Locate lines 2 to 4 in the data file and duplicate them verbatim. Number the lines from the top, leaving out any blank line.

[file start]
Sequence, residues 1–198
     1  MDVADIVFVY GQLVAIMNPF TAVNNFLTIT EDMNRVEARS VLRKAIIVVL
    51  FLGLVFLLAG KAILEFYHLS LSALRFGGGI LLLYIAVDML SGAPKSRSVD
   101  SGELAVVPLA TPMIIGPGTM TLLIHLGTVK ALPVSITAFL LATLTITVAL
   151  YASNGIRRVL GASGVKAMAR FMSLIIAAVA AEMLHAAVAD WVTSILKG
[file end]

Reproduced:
     1  MDVADIVFVY GQLVAIMNPF TAVNNFLTIT EDMNRVEARS VLRKAIIVVL
    51  FLGLVFLLAG KAILEFYHLS LSALRFGGGI LLLYIAVDML SGAPKSRSVD
   101  SGELAVVPLA TPMIIGPGTM TLLIHLGTVK ALPVSITAFL LATLTITVAL